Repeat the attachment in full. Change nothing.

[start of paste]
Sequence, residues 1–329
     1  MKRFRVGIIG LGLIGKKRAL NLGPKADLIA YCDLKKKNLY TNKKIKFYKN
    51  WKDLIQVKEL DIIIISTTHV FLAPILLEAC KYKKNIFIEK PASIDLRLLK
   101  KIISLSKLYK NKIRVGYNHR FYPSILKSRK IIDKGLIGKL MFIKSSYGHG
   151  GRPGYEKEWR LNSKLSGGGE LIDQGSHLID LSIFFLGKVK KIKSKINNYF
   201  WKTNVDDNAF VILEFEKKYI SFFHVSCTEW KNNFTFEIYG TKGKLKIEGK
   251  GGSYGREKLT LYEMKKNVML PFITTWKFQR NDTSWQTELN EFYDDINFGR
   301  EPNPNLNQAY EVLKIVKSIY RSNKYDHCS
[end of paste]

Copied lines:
Sequence, residues 1–329
     1  MKRFRVGIIG LGLIGKKRAL NLGPKADLIA YCDLKKKNLY TNKKIKFYKN
    51  WKDLIQVKEL DIIIISTTHV FLAPILLEAC KYKKNIFIEK PASIDLRLLK
   101  KIISLSKLYK NKIRVGYNHR FYPSILKSRK IIDKGLIGKL MFIKSSYGHG
   151  GRPGYEKEWR LNSKLSGGGE LIDQGSHLID LSIFFLGKVK KIKSKINNYF
   201  WKTNVDDNAF VILEFEKKYI SFFHVSCTEW KNNFTFEIYG TKGKLKIEGK
   251  GGSYGREKLT LYEMKKNVML PFITTWKFQR NDTSWQTELN EFYDDINFGR
   301  EPNPNLNQAY EVLKIVKSIY RSNKYDHCS